scenarios A and B only and briefly describe your solution.
(6 marks)
Do a complete HTA for phoning using the new phone based on scenario C
(8 marks)
You will find that scenario C (and hence your solution to part (ii)) does not
quite fit into the general pattern in figure 3.1.
Discuss whether the solutions to (i) and (ii) can be modified to emphasise their
common features and whether this would clarify the overall task description.
(6 marks)
Figure 3.1. Rough HTA
Question 4
Answer all parts
For this question you will need to read the scenarios labelled "Scenarios for
Questions 3 and 4"
Figure 4.1 shows a STN for the simple mobile phone described in scenarios A and B
and shown in figure 3.1.
Identify any missing transitions and suggest possible behaviour that would be
sensible for the user.
(5 marks)
Scenario C demonstrates the additional behaviour of the new phone. Update
the STN in figure 4.1 to add the new recall facilities of the new phone. Where
there is not sufficient information in the scenarios choose suitable behaviour.
You may also uses ellipses (É) where you would expect major additional
functionality (e.g. storing numbers), don't attempt to fully specifiy such
additional functions. List and briefly describe and justify any such design
decisions that are required or any other design issues that become apparent.
(10 marks)
Figure 4.1. STN for original phone
List the main elements of the state of the phone (you can use programming
language variable declarations for this) and then write down a step-by-step
walkthrough of the state as the user accesses short cut at position '3' as in steps
C.1ÐC.10 of scenario C.
(5 marks)
Scenarios for Questions 3 and 4
This describes a mobile phone example used in Questions 3 and 4.
Andy has an old mobile phone as shown below. It has no features beyond dialling a
original phone
new phone with menu buttons
Scenario A (original phone)
Andy decides to ring a friend for whom he already has the number in his (paper)
address book.
Andy looks up the phone number in his address book
He dials the number into the phone
The digits appear on the phone display
He presses 'YES'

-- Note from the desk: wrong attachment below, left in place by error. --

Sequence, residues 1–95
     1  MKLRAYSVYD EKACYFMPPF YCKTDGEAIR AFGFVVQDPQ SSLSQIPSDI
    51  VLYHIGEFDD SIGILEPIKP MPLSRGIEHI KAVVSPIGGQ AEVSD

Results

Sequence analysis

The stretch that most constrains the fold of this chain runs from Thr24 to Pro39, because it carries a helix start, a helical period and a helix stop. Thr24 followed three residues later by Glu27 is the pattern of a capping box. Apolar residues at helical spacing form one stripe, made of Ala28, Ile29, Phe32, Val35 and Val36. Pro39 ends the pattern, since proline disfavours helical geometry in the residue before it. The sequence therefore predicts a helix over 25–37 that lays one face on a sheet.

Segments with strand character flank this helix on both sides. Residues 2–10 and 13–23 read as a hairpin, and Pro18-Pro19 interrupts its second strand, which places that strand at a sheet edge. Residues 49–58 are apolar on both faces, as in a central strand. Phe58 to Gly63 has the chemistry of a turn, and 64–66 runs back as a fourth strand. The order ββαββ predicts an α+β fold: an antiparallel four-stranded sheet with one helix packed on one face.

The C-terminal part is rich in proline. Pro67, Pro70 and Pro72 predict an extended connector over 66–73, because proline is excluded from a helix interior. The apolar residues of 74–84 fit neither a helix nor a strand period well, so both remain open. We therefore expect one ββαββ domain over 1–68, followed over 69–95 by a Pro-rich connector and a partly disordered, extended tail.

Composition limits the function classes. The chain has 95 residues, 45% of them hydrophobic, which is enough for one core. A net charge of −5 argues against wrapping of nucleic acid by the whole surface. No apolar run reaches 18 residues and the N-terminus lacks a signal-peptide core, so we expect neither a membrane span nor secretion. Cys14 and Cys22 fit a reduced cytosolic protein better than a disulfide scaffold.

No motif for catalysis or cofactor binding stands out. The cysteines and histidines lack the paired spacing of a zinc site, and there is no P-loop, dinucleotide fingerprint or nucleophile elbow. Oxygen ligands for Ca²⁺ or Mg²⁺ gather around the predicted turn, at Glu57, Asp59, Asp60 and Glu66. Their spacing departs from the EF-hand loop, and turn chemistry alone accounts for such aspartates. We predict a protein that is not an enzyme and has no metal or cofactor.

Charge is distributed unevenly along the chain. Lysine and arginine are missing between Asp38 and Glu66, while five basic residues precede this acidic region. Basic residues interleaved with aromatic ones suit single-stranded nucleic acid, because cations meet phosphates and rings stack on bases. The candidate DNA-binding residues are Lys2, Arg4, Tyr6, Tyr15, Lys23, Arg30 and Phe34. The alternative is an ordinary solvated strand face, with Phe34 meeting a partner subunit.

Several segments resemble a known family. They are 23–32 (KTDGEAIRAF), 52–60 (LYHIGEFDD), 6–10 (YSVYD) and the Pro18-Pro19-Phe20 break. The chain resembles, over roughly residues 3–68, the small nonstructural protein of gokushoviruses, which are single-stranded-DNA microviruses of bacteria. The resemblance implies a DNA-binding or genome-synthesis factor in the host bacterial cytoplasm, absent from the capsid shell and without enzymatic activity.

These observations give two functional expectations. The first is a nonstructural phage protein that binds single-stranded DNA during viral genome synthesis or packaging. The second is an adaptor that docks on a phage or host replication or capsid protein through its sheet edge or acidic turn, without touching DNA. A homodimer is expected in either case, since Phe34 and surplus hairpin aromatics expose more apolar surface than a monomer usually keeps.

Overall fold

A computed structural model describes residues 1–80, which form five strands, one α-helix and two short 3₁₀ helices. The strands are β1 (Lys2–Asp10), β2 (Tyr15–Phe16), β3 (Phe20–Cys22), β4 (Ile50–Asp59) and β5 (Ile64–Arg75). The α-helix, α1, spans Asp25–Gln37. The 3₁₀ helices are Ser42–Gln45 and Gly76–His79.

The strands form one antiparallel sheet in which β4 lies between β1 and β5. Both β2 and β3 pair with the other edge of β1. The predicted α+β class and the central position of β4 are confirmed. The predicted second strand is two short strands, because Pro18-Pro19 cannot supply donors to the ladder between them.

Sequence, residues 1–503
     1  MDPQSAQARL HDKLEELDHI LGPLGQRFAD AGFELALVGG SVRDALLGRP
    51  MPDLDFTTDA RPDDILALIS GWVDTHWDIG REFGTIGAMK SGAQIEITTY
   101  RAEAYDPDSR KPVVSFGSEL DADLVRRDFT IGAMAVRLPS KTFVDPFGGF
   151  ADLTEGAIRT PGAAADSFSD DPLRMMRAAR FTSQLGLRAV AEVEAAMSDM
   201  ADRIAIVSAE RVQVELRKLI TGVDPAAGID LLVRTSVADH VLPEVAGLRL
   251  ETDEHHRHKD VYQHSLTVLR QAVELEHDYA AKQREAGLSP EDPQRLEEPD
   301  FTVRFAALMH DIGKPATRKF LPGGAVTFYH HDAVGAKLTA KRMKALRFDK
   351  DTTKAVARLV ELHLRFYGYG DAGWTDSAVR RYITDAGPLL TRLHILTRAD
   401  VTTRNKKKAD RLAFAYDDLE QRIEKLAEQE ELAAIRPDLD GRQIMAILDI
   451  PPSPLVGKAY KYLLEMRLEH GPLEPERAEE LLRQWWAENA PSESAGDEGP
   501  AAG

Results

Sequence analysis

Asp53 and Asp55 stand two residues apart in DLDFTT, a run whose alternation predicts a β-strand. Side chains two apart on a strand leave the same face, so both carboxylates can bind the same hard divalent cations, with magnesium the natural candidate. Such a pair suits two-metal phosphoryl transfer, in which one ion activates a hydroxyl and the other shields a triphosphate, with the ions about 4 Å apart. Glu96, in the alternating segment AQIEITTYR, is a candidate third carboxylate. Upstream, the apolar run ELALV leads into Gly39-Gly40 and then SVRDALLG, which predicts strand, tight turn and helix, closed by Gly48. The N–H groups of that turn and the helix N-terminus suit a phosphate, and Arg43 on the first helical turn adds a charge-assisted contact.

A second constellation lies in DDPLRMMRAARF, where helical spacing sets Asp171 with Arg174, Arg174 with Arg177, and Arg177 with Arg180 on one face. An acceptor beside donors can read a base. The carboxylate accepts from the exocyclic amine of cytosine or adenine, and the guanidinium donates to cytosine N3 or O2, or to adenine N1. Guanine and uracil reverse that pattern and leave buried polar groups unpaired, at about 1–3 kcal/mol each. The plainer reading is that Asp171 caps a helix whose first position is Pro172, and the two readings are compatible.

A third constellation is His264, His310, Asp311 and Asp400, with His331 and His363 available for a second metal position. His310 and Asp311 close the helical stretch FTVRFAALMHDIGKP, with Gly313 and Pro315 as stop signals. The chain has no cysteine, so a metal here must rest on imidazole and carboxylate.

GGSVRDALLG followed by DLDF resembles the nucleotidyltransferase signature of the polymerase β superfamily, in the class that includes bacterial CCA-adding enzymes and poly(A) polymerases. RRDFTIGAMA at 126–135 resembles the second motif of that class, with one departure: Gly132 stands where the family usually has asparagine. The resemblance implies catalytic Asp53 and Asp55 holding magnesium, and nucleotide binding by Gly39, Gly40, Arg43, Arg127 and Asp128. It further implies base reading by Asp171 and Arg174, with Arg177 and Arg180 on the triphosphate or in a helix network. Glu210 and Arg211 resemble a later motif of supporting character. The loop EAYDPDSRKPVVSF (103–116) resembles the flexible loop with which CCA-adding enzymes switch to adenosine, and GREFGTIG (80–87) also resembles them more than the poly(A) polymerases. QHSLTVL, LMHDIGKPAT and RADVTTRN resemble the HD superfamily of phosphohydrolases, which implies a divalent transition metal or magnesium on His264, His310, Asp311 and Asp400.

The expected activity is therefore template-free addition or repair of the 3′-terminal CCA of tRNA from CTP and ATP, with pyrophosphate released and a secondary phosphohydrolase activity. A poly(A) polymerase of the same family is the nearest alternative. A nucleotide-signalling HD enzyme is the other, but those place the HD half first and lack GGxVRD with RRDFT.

The phone display says 'calling'
A few seconds later it says 'connected'
Andy talks to his friend
When they finish talking Andy presses 'NO' to finish the call
Scenario B (original phone)
Andy decides to ring a friend for whom doesnÕt know the number
Andy dials 192 (directory enquiries) into the phone
The digits '192' appear on the phone display
He presses 'YES'
The phone display says 'calling'
A few seconds later it says 'connected'
Andy talks to the operator and asks for the number of his friend
As the operator reads the number to him he writes it down on a scrap of paper
He starts to dial the number as in A.2 on
Scenarios for Questions 3 and 4 (continued)
When Andy gets his new phone he can still use his paper address book and directory
enquiries as in scenarios A and B, but in addition the phone has a series of menus
reachable using the arrow keys. These include an electronic 'phone book' of shortcut
numbers on the phone. If Andy has stored his friend's number on his phone he can
ring his friend as follows:
Scenario C (new phone only)
Andy decides to ring a friend in his electronic phone book
Andy presses the left arrow key
The phone display says 'phone book'.
He presses 'YES'
The phone display says 'recall'
He presses 'YES'
The phone display says 'pos?' (requesting position in phone book)
Andy enters the shortcut digit for his friend.
The digit appears on the phone display
Andy presses 'YES'
C.10 The phone display says 'calling', as in A.4 on